The Wind Will Carry Us

Critics Consensus

The Wind Will Carry Us slowly casts its transporting spell as writer-director Abbas Kiarostami explores ineffable themes with patience and grace.



Total Count: 28


Audience Score

User Ratings: 3,637
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Movie Info

This idiosyncratic drama from Iran begins as a jeep winds through the hills of Kurdistan, containing an engineer (Behzad Dourani) and his two assistants (whom we never see) as they search for a small village in the mountains. When they arrive, they are greeted by a young boy, who shows them a place they can stay and guides the engineer to the home of an old woman (also never seen) who seems to be dying. No one is sure what the engineer and his men are doing there; some locals think he's keeping watch of the old woman and wants to purchase her land when she dies, while others think he could be an archeologist searching for rare artifacts. Meanwhile, the engineer spends his days exploring the village and the people who live there -- most of them women, with the men away at jobs that occupy them night and day for several months out of the year. He also stays in touch with the boy, who watches over the old woman's health while keeping up with his schoolwork, working on his family's farm, and helping his mother with the household chores. Meanwhile, the engineer periodically gets calls on his cellular phone, which require him to drive to a graveyard on a hill to receive the call (most, however, are wrong numbers), while making contact with a man digging a deep hole (also unseen) and a girl in the village who milk's cows which are kept in a dark basement. Concentrating on what we don't see as often as what we do, Le Vent Nous Emportera bears the distinctive stamp of director Abbas Kiarostami and was embraced by critics in its screening at the 1999 Venice Film Festival. ~ Mark Deming, Rovi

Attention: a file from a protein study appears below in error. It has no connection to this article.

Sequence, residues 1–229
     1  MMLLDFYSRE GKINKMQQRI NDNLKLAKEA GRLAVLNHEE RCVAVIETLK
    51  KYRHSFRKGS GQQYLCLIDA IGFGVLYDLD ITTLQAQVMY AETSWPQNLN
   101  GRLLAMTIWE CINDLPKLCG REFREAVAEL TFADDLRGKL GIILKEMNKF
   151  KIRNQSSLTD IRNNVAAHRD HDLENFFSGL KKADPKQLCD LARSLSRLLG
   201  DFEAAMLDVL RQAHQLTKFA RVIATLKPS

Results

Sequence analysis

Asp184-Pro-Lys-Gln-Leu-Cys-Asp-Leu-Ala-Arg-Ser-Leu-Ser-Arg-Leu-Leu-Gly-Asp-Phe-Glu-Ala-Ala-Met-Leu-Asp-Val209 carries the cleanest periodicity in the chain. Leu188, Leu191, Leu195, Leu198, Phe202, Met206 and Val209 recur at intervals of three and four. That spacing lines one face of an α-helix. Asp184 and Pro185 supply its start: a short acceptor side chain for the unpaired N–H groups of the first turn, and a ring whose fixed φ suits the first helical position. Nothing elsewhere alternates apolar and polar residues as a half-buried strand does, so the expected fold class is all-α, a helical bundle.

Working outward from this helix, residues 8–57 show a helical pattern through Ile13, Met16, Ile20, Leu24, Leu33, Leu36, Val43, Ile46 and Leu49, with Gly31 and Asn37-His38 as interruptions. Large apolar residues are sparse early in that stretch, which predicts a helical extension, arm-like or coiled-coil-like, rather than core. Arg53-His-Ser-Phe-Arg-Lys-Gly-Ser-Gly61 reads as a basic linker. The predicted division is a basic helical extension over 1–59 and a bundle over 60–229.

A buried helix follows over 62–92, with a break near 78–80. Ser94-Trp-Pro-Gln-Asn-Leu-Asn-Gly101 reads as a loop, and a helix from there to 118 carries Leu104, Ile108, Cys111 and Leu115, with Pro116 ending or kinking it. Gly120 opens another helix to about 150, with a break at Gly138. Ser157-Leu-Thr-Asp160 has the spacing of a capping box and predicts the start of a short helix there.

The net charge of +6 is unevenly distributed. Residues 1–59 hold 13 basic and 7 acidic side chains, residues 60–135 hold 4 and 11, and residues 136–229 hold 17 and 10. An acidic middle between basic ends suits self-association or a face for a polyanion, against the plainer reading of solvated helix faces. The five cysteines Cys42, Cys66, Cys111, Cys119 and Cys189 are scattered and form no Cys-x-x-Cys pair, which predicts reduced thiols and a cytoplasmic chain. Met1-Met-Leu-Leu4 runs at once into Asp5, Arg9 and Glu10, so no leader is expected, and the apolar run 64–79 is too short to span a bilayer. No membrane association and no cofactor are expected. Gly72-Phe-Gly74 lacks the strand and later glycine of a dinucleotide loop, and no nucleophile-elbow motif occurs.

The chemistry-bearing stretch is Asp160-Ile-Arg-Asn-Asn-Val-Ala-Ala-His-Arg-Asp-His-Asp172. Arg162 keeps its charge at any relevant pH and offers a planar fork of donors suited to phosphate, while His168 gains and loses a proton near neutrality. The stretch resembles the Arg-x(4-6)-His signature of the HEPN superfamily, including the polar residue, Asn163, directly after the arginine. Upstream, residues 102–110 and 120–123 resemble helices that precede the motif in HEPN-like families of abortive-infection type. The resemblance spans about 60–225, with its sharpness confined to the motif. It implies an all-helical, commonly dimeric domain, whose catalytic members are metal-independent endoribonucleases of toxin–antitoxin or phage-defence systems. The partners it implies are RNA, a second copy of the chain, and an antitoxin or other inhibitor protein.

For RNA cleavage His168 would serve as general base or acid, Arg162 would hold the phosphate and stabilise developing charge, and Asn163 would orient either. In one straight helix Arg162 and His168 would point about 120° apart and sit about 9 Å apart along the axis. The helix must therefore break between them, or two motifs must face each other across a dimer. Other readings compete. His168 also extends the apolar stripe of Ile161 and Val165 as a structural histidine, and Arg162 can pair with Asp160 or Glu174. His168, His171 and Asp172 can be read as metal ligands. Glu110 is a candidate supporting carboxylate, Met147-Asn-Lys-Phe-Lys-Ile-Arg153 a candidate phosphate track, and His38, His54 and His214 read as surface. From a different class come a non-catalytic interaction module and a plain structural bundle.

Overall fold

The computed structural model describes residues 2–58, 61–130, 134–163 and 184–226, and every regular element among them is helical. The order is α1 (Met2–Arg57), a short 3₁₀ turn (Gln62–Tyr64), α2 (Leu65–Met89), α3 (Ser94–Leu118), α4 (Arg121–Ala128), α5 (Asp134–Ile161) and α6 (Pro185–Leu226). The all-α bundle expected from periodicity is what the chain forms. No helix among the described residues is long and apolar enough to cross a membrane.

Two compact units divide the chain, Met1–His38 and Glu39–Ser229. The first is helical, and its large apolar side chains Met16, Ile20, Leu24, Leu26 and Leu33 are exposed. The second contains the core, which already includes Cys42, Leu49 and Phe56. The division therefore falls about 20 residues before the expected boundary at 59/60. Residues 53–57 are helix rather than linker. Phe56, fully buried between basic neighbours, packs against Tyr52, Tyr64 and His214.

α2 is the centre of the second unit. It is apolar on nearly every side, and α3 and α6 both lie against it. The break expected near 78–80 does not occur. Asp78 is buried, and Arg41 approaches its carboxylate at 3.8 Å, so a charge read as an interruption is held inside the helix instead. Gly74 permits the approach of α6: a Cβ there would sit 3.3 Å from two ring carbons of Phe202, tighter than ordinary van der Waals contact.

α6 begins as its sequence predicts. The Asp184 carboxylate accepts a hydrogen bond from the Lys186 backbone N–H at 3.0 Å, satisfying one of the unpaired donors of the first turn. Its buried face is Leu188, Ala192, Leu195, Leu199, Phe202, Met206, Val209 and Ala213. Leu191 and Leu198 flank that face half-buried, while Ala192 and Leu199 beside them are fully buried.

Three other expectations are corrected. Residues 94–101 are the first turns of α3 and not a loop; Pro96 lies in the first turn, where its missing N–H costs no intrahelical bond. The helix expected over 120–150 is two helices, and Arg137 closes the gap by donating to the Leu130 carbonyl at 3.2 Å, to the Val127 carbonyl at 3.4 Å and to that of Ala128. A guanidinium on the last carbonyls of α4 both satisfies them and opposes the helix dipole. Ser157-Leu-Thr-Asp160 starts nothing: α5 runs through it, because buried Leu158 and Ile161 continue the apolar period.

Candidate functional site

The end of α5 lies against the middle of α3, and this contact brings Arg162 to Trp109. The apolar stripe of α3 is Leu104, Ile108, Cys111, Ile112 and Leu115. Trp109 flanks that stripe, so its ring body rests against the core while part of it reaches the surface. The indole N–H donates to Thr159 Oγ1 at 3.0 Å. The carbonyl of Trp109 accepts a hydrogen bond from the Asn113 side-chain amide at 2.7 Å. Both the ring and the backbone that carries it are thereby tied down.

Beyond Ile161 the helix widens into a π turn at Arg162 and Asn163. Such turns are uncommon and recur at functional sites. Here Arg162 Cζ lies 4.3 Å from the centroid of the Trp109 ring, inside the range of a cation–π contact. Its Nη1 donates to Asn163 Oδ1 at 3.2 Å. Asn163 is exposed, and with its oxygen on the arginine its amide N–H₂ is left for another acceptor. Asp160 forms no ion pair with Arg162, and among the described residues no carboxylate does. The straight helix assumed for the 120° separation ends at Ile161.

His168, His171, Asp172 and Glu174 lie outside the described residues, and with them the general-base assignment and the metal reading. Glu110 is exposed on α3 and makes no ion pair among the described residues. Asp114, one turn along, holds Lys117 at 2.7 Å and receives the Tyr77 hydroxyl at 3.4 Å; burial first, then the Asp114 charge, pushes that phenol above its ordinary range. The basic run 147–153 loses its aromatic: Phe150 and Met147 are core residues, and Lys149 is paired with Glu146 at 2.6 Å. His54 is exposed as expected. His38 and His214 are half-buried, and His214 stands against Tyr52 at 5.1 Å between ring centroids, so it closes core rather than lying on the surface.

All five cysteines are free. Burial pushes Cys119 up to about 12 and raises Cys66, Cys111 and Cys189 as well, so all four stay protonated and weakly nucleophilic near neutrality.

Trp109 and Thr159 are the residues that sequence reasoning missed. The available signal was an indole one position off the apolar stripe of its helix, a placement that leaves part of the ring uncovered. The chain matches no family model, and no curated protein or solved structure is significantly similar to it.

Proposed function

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Critic Reviews for The Wind Will Carry Us

All Critics (28) | Top Critics (7)

Audience Reviews for The Wind Will Carry Us

  • Apr 13, 2017
    The film is light, funny and very amusing in the way it shows the prosaic everyday life of common people as witnessed by an idle and increasingly impatient man visiting a Kurdish little village in Iran, even if the poignant result ranks among one of Kiarostami's minor works.
    Carlos M Super Reviewer
  • Jan 25, 2013
    <i>In my small night, ah, the wind has a date with the leaves of the trees. In my small night there is agony of destruction. Listen! Do you hear the darkness blowing? I look upon this bliss as a stranger. I am addicted to my despair. Listen! Do you hear the darkness blowing? Something is passing in the night. The moon is restless and red. And over this rooftop where crumbling is a constant fear, clouds, like a procession of mourners, seem to be waiting for the moment of rain, a moment, and then nothing. Night shudders beyond this window and the earth winds to a halt. Beyond this window, something unknown is watching you and me. O green from head to foot, place your hands like a burning memory in my loving hands, give your lips to the caresses of my loving lips, like the warm perception of being. The wind will carry us The wind will carry us.</i> -Forough Farrokhzad- 97/100
    Edgar C Super Reviewer
  • Jan 14, 2013
    Another great Kiarostami visual that is brought all the more home by the wonderful glimpse of a funeeral in rural Iran. Another masterpiece from a master.
    John B Super Reviewer
  • May 05, 2011
    Kiarostami, prova mais uma vez o seu grande talento num dos maiores cinemas do mundo: o cinema do Ira.
    Lucas M Super Reviewer

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